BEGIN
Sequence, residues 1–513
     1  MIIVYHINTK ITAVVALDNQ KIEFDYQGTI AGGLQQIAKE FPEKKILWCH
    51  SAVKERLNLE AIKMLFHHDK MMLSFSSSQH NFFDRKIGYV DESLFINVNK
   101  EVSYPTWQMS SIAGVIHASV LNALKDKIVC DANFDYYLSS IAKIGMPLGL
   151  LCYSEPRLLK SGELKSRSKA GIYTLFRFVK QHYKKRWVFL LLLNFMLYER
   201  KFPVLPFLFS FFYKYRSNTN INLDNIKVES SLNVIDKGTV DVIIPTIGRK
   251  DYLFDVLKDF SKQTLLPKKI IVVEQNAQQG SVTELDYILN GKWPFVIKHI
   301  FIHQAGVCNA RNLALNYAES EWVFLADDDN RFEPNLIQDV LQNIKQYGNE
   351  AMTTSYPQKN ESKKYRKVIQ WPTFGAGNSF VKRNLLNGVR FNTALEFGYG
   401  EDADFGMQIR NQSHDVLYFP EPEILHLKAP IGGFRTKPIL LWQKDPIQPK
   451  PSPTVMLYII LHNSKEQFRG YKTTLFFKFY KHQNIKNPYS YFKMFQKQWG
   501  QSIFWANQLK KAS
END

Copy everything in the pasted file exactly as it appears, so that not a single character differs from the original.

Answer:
Sequence, residues 1–513
     1  MIIVYHINTK ITAVVALDNQ KIEFDYQGTI AGGLQQIAKE FPEKKILWCH
    51  SAVKERLNLE AIKMLFHHDK MMLSFSSSQH NFFDRKIGYV DESLFINVNK
   101  EVSYPTWQMS SIAGVIHASV LNALKDKIVC DANFDYYLSS IAKIGMPLGL
   151  LCYSEPRLLK SGELKSRSKA GIYTLFRFVK QHYKKRWVFL LLLNFMLYER
   201  KFPVLPFLFS FFYKYRSNTN INLDNIKVES SLNVIDKGTV DVIIPTIGRK
   251  DYLFDVLKDF SKQTLLPKKI IVVEQNAQQG SVTELDYILN GKWPFVIKHI
   301  FIHQAGVCNA RNLALNYAES EWVFLADDDN RFEPNLIQDV LQNIKQYGNE
   351  AMTTSYPQKN ESKKYRKVIQ WPTFGAGNSF VKRNLLNGVR FNTALEFGYG
   401  EDADFGMQIR NQSHDVLYFP EPEILHLKAP IGGFRTKPIL LWQKDPIQPK
   451  PSPTVMLYII LHNSKEQFRG YKTTLFFKFY KHQNIKNPYS YFKMFQKQWG
   501  QSIFWANQLK KAS